Indiana University
The Indiana University School of Journalism Ernie Pyle
Pyle writes about the "The Story of GI Joe," a movie based on Pyle's columns.

In the Movies

IU Archives
Pyle with nurses at an air raid shelter.

SAN FRANCISCO – And now about the movie which is being partly based on these columns from the war fronts over the last two years.

Well, the movie is finished at last. I mean the shooting is finished. But there are a lot of things we laymen don’t know about the movies, and one of them is that a film isn’t ready to show for about three months after they’ve finished shooting. So I don’t expect you’ll be seeing it till April or May.

They are still calling it "The Story of G.I. Joe." I never did like the title, but nobody could think of a better one, and I was too lazy to try.

It is a movie about the infantry. There isn’t much of a story to it, and there’s no conventional love interest running through it. The War Department co-operated and furnished two companies of soldiers, who were moved to Hollywood, plus lots of equipment such as trucks, tanks, guns and what not.

The soldiers all grew beards, and although they got awfully itchy, the boys said the girls in Hollywood sure do go for a soft, flossy beard. The only tragedy was when one soldier’s beard caught fire one day and he got pretty badly burned. I don’t know whether he got a Purple Heart.

***

The six main soldier characters in the picture were played by professional actors. But the run-of-the-mill soldiers were played by real soldiers. As was expected, a couple of the real soldiers turned out to be "finds" as actors. By the time you see the picture, practically all the soldiers in it will be fighting overseas.

I spent a week in Hollywood nosing into the picture in October, another week in December. I still don’t know whether it will be a good picture or not, but I think it will.

If it isn’t a good picture, it will not be for lack of good intentions. They have worked a year and a half on it, and spent more than a million dollars. They’ve slaved to avoid "Hollywooding" it. They’ve sought, and listened, to advice from men who know what war is.

They’ve had at least one veteran war correspondent there all the time. The army has kept never less than three overseas veterans of combat out there constantly. As I left Hollywood, one of these veterans said, "I think it’s going to be a good picture. At least I think it will be the most authentic war picture ever made."

***

My own part in it is very minor. My part is played by Capt. Burgess Meredith. The makeup men shaved his head and wrinkled his face and made him up so well that he’s even uglier than I am, poor fellow.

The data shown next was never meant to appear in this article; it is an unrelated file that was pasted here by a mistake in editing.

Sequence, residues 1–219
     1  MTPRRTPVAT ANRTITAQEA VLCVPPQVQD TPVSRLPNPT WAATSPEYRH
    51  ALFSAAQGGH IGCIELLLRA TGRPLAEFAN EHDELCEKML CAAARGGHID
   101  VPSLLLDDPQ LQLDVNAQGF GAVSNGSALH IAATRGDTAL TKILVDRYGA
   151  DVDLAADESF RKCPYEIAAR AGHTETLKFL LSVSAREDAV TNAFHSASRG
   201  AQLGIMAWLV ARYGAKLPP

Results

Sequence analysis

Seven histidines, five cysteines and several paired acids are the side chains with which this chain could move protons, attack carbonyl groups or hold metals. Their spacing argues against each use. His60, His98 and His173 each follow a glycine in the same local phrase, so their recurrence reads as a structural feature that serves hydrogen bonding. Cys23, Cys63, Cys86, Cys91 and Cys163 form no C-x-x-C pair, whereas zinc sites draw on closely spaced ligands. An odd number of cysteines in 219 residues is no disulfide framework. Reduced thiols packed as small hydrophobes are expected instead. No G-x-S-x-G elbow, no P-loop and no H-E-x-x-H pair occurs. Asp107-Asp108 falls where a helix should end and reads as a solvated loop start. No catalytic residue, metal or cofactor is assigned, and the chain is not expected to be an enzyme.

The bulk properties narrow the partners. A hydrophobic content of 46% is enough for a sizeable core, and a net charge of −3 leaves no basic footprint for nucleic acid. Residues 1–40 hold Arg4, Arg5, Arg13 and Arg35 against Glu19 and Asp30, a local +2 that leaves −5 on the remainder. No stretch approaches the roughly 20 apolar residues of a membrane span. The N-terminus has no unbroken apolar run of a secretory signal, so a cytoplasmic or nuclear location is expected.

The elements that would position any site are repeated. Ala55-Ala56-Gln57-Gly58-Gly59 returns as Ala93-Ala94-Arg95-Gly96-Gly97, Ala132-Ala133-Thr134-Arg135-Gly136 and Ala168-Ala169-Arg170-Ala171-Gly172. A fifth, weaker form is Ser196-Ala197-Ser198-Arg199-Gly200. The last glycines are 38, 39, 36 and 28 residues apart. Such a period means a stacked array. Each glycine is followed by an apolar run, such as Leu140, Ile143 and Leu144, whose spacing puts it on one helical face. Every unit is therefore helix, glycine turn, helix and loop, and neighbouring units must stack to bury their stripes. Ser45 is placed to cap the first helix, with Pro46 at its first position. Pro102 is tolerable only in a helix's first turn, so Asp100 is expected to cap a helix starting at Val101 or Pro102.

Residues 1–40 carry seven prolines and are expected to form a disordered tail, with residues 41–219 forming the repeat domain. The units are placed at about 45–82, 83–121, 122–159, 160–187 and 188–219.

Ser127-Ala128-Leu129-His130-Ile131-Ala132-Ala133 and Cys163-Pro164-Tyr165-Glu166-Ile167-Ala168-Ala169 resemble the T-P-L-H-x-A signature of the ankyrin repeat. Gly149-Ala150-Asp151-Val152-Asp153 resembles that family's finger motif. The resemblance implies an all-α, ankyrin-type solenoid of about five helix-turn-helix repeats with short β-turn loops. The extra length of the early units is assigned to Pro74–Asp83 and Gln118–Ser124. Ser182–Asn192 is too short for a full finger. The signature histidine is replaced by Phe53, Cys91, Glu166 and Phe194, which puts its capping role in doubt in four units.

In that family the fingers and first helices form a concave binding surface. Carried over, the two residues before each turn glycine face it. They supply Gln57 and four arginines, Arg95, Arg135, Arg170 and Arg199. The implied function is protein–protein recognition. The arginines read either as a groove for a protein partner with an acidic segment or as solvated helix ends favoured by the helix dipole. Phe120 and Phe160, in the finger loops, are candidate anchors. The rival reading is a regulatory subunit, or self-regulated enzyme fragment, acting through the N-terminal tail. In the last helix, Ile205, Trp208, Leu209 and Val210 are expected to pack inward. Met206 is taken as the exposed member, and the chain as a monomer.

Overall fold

The picture was directed by "Wild Bill" Wellman, one of Hollywood’s top men. The picture was produced by Lester Cowan, an independent, through United Artists. If it’s a lousy picture, poor Lester will have to face the wrath of about two million irate soldiers. If it isn’t a lousy picture, then he can float on air for years.

An almost anonymous person whose hand bore strongly on the picture is an old Indiana school friend of mine named Paige Cavanaugh. Being one of my closest friends, he quit whatever he was doing last spring and went to work for Lester Cowan, largely to insure, as Lester puts it, that "Cowan didn’t louse Pyle up."

But as time went on Cavanaugh’s innate good sense began to make an impression around Hollywood, and in the end they have leaned heavily on his judgment. Cavanaugh, being a farmer at heart, still sneers at Hollywood, but he’s got a gleam in his eye that looks permanent to me.

***

When the picture is finally ready for release, they hope to fly a print across the Pacific and let me have a little world premiere of my own before a few hundred fighting infantrymen somewhere in the Far East.

But there won’t be any single premiere in America. It will open simultaneously in 100 cities. My little old hometown of Dana, Ind., and my new hometown of Albuquerque will, of course, be among them.

The theater manager in Dana has volunteered to let my father and Aunt Mary in free on opening night. They think that’s sure mighty nice, and they’ll probably take him up on it.

Ernie Pyle
Source: Rocky Mountain News, February 14, 1945: from a scrapbook given to Indiana University by Mrs. Henry Schoon. Pictures courtesy of The Lilly Library, Indiana University, Bloomington, Indiana
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